Tuesday, May 3, 2011

Cool Photo Editing Apps - Part 2

Computers are often associated with numbers and words but the new generation of tablets typified by the Apple iPad brings a whole new dimension to creativity. For those like me who are not artistic in the traditional sense, the ability to manipulate photographs with powerful, easy to use, touch screen apps is absolutely marvelous. Last month, I discussed a number of photo apps with some editing capabilities but whose main strength was taking pictures. This post describes some of my favorite among hundreds of apps that manipulate images although most can start with an available photo or take one using a basic camera function. My usage is limited to Apple iOS devices but many of these apps should be available on other platforms.

I won't spend a lot of time explaining whether the apps work on iPhone/iPods or iPads. That is easy enough to check out at the app store if you are interested. Certainly apps that work on images are most effective when they take advantage of a tablet sized device. However, there are some fun and useful photo editing tools for the small screen as well. Some of these apps are free while others cost $1-4.

Photo Studio, Photo Booth and Finger Design
With this background here are some of my favorites:
Photo Delight allows you to eliminate all color from a picture except selected portions. I've shown examples before and the UI (User Interface) is perfect. There are several others that do the same thing but none I've seen with the elegance of Photo Delight
Dynamic Light provides a number of stunning special effects as shown in the picture of Honolulu at the top right of this blog. Some photographs are meant to record an image as realistically as possible. Now with all the digital cameras we have plenty of "ordinary" photographs so apps like this can be used to create unusual images.
Camera FX (iPhone) and Photo Booth (iPad) offer effects similar to the popular Photo Booth app on the iMac. You preview a number of fun house type images and snap a picture of one (or hundreds!) that you like. (These apps are really in the category of camera apps I reviewed last month but I did not have Photo Booth installed at that time.)

There was a time in the analog age when filters were made of glass and attached to the front of your lens. They came in various colors; polarizing versions eliminated glare and others provided special effects. For large lenses, the filters could be very expensive. Today most of these effects can be provided by software after the picture is taken - polarizing is a notable exception. Not only are software filters much less expensive, you can experiment with different filters and different settings instead of selecting one or two filters and snapping a picture on film - never to be altered again.
Photo Studio (iPad and iPhone) and Perfect Photo (iPhone) are two apps with a collection of filters and other effects.

Photo Delight

Two things you almost always need to do to improve any photo are light adjustments and cropping. There are some apps that perform just those basic functions but many more powerful apps also include those functions.

Auto Adjust is an iPad app that concentrates on these basic functions.
Filterstorm and PS Express provide a much wider range of adjustments.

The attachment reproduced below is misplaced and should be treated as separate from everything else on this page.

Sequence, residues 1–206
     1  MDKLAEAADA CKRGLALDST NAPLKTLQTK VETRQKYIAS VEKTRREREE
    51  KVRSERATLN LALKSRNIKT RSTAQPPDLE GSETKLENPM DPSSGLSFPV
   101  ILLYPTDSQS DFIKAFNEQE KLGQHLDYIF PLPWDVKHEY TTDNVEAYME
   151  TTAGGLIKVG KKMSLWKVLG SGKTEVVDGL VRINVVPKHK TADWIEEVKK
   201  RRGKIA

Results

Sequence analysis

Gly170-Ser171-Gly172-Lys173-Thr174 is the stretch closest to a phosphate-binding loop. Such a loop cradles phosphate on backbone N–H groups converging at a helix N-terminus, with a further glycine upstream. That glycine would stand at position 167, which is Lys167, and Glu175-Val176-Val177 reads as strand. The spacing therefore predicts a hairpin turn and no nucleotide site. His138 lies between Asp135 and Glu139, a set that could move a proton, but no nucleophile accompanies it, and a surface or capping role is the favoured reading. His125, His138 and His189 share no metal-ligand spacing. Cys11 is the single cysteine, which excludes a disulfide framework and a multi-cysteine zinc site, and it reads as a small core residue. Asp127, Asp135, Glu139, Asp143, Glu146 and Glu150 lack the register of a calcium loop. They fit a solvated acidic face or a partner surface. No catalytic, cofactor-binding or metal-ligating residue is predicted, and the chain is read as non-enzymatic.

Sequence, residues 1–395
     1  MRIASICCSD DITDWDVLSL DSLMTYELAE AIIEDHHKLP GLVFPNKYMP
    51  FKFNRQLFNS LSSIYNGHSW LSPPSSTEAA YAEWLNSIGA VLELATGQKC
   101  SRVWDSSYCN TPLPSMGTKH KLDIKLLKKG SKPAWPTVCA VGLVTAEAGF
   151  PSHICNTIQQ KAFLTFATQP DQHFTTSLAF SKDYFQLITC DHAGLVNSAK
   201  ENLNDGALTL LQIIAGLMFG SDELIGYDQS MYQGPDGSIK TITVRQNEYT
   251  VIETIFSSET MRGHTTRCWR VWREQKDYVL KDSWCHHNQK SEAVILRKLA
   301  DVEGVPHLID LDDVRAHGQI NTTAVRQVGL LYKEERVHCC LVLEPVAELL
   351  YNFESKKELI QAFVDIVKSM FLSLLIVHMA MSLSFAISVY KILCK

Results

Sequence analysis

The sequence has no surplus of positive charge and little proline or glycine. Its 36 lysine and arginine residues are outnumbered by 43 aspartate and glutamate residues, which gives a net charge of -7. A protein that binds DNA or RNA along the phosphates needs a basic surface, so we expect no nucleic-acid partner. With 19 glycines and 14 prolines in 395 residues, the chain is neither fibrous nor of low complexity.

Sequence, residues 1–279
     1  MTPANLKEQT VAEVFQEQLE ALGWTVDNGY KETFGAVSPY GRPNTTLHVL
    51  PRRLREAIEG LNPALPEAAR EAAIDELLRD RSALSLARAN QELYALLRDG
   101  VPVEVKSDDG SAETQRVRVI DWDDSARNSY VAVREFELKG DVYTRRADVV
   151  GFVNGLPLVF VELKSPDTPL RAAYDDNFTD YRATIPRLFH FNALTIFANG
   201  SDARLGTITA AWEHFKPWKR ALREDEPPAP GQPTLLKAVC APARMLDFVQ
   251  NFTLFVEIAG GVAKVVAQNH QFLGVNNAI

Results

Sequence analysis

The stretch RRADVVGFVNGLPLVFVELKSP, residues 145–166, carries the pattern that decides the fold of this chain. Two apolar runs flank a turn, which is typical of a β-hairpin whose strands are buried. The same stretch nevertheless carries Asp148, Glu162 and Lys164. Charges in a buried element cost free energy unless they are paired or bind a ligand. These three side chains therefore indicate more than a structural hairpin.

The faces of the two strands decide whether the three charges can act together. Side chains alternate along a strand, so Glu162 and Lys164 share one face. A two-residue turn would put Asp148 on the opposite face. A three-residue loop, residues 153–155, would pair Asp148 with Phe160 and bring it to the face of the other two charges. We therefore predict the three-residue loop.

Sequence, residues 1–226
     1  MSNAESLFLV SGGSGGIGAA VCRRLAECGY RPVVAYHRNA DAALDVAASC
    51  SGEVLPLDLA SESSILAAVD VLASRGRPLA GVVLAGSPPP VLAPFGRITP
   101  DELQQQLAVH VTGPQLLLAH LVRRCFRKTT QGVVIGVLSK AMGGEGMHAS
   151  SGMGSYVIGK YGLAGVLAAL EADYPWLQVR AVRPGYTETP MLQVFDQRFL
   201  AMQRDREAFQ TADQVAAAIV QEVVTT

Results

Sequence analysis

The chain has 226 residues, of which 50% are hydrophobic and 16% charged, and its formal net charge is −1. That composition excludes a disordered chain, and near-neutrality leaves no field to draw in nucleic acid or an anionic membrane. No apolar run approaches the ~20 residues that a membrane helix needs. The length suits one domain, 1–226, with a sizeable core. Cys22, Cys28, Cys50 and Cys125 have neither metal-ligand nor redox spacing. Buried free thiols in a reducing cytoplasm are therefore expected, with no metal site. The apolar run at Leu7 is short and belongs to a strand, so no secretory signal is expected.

Photogene on the other hand provides numerous special effects without the basic lighting and cropping features.

For just plain fun, it's hard to beat Framed, Alien Booth and Photogoo. With the latter two you can waste hours making "interesting" pictures of your friends and family. Framed allows you to put your friends on TV, in a museum or on a milk carton among other places.

Finger Design does not process images but allows you to easily make a collage from your photos - original or edited versions. You can quickly select a background and arrange and resize any number of photos for display.

Finally, remember to check out my list of favorite apps and the places you can go to find apps.

How Shelf Space Limits Apple Competitors

On a recent visit to Best Buy one thing was striking in the technology area. Apple signs and Apple products were everywhere. There were iMacs, iPhones, iPods and iPads in several different areas surrounded by accessories of all kinds. As I was about to walk away I saw two competing tablets hidden away on a three foot section of shelf space. One was the recently released Motorola Xoom and the other was the slightly older Samsung Galaxy Tab. I decided to give both of these Android based tablets a try.

The Xoom is similar in size to the iPad and it started up quickly and offered a similar but sparse display. Of the few apps available I selected one of the three games. Upon start up I was told I needed to download a large file so I tapped OK and the progress bar indicated it was downloading. Only a minute later, it stopped and said I needed to start over again. I tried it again with the same frustrating result and gave up.

It's hard to believe but the experience with the Galaxy Tab was worse. It has a smaller but similar screen and when I pushed the start button, a message said I needed to go through a setup process; apparently it had never been used. When I started the process, I heard a sound reminiscent of a modem dialing for a connection and a minute later it reported an error and I had to start over. I tried that with the same result and gave up.

From all reports both of these are great tablets but my experience was discouraging to say the least. I certainly wouldn't draw major conclusions about the devices from this simple test. The fact that these devices were almost invisible among the Apple products was far more telling. These companies and a hoard of other tablet makers have a long struggle ahead to be recognized by the general public as competitors to the iPad and iPhone; limited shelf space at major retailers will be a huge barrier.